In most cities, total sales in the past four quarters were just above the long-term average number of housing units sold on those markets. The sales were clearly higher in Wroc³aw, whereas Warsaw was an exception with sales of 11,400 housing units, around 1,500 below the city’s long-term average number of transactions. It thus seems that, compared with other cities, Warsaw still has the strongest potential when it comes to sales increases.

Warsaw has long been the main housing market in Poland, boasting the highest prices and the biggest supply of new housing units. Some of the most interesting residential projects currently under way in Warsaw include the Aleja Krakowska Housing Estate being built by the Dolcan company, Kaskada na Woli by Gant Development, the 19. Dzielnica Housing Estate by the Pro Urba company from Spain, the Saska Housing Estate by Dom Development, and Zielona Italia by Marvipol.

Stable prices
Contrary to what analysts anticipated, the increased VAT rates, effective as of the start of this year, have not taken their toll on housing sales. The prices of new dwellings have not increased, as most developers choose to shoulder this extra burden themselves.

Despite the high supply of new housing units, developers have seen the highest sales since the fourth quarter of 2007. A major part has been played by the government’s Rodzina na swoim (Family in Its Own Home) mortgage subsidies program, which helps people take out loans and buy apartments.

When the government announced plans to alter the program some time ago, many Poles felt prompted to buy apartments sooner and those who were keen to get a place of their own under the original version of the program applied for loans in the first quarter of this year.

The slight price variations in new dwellings and the growing supply of housing units in most cities are confirmed by reports by the research and analysis department of the Emmerson SA company. The reports focus on the main housing markets in Poland in the first quarter of this year. Emmerson analysts have surveyed seven cities: Warsaw, Cracow, Wroc³aw, Poznań, Gdańsk, £ód¼, and Katowice. In three, the average developer prices for housing units declined since the previous quarter, while in three others they increased. In all cases, the changes were slight. The greatest increase occurred in Poznań, at 1.5 percent, and the greatest decline in Gdańsk, at 3.6 percent. The highest prices were reported in Warsaw at zl.8,900 sq m and Cracow at zl.7,300 sq m. Wroc³aw came in third at zl.6,900 sq m, closely followed by Poznań at zl.6,900 sq m. Further down the list were Gdańsk (zl.6,500), £ód¼ (zl.5,600), and Katowice (zl.5,400).

According to Emmerson, in some of the cities average prices declined because developers continued to sell housing units in less expensive projects. However, the decline in average prices decelerated in the first quarter of this year compared with what happened throughout last year. In the first quarter of this year, considerable price cuts were mainly offered by developers who sold completed dwellings and those who were keen to find buyers for the last few apartments available in their projects.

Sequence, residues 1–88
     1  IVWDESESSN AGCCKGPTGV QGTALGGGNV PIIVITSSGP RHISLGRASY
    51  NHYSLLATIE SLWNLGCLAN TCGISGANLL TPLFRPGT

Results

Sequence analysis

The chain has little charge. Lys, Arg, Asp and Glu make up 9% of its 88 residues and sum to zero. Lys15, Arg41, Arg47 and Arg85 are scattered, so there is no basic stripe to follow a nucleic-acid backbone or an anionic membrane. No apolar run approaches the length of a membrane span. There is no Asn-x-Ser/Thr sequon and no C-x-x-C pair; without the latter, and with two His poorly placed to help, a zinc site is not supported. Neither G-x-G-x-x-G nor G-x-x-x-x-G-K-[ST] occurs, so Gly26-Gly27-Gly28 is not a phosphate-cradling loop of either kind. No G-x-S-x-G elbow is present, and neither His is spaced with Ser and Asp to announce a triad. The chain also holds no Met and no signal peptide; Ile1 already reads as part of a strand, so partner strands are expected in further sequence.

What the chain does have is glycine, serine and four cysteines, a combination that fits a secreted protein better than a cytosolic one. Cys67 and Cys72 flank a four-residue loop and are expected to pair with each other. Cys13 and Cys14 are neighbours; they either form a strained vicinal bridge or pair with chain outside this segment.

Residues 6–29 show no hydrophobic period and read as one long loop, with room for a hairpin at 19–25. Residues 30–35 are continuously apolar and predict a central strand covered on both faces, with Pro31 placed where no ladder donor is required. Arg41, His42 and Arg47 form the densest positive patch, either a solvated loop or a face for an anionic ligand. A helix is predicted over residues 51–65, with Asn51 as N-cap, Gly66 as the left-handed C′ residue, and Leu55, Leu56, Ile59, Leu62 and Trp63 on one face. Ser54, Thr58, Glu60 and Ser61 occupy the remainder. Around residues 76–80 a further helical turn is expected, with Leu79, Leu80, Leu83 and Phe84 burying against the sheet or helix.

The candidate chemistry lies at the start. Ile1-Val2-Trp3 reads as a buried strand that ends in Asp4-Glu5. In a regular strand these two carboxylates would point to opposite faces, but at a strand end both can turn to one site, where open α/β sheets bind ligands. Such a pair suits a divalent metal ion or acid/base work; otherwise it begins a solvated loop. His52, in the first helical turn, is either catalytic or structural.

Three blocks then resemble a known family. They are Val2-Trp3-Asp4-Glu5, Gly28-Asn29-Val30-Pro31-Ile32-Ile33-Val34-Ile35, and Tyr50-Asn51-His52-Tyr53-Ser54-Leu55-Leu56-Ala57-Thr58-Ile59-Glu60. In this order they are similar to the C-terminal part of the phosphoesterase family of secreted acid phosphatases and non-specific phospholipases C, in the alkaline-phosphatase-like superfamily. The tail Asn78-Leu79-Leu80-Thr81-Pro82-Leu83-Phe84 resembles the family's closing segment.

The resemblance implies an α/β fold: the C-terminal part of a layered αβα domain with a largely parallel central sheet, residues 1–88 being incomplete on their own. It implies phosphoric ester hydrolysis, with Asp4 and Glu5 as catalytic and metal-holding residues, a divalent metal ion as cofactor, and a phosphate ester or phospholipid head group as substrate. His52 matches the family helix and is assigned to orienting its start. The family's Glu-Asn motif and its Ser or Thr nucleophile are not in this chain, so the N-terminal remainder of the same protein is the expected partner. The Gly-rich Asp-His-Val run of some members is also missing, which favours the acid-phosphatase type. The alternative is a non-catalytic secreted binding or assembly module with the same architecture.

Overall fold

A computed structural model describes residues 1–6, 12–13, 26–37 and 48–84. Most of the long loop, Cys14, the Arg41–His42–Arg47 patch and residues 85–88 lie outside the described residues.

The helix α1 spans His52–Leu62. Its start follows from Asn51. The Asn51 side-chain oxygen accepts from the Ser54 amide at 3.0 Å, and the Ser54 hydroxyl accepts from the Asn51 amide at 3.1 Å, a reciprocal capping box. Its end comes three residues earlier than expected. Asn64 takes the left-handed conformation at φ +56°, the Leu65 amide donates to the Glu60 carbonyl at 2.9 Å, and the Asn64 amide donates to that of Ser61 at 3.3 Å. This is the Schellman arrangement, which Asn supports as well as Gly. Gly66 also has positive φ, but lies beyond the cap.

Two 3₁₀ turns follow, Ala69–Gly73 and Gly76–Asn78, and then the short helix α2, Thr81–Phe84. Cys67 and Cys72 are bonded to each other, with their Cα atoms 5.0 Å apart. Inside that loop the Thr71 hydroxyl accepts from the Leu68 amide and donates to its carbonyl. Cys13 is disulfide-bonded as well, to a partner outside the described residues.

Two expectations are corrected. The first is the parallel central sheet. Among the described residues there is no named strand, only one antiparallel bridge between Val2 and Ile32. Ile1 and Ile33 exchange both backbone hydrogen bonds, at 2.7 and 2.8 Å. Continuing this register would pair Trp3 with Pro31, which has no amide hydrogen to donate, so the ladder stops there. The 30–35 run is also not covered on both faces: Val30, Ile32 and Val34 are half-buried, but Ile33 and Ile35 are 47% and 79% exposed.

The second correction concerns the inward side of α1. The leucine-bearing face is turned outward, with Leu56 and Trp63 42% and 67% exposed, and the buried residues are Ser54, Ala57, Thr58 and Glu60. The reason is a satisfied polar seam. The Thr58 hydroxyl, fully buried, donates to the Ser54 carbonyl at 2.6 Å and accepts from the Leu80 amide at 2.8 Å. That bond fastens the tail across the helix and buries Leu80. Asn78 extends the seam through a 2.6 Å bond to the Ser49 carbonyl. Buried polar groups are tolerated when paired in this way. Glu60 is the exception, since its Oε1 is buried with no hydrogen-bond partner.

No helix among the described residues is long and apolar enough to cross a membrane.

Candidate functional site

Overall, Poland’s housing market is reviving. Developers are starting to carry out projects they planned earlier and are searching for land for new ones. The supply on most regional markets is growing and many developers expect higher sales this year, which shows that they are optimistic about the market.

Reflection Time
S³awomir Horbaczewski, vice-chairman of the board at Marvipol SA:

Confucius distinguished between three methods of acquiring wisdom, imitation being the easiest of the three. There was a lot of imitation on the market for real estate in Warsaw, especially halfway through last decade. That period of more or less four years proved to be deceptive for all companies which were beguiled by unnatural rates of return in the developer sector, especially when it came to apartment buildings, and rushed headlong onto the Warsaw market. Little did they know that a few years later they would see housing prices nose-dive and contractor prices skyrocket, making the business far less profitable than what it used to be. Unexpectedly, the companies faced the most bitter method of learning wisdom which, while essentially empirical, taught them unique skills. Many developers got a first-hand experience of economic and investment slowdown and the anxiety that came with it, namely, who would be booted off the market and how.

In the next five years, the market was dominated by reflection, the noblest way of learning wisdom. It was a time for investors to stop to think about the world around them and reflect on all the rash decisions they had made and could have avoided with a little common sense. Decisions such as entering the developer sector in the first place.

We have thus come full circle, seeing that not only was Confucius right, but also realizing that luckily, at least some participants in the market have adopted a normal attitude to it. This will clearly and enormously benefit all real estate market players.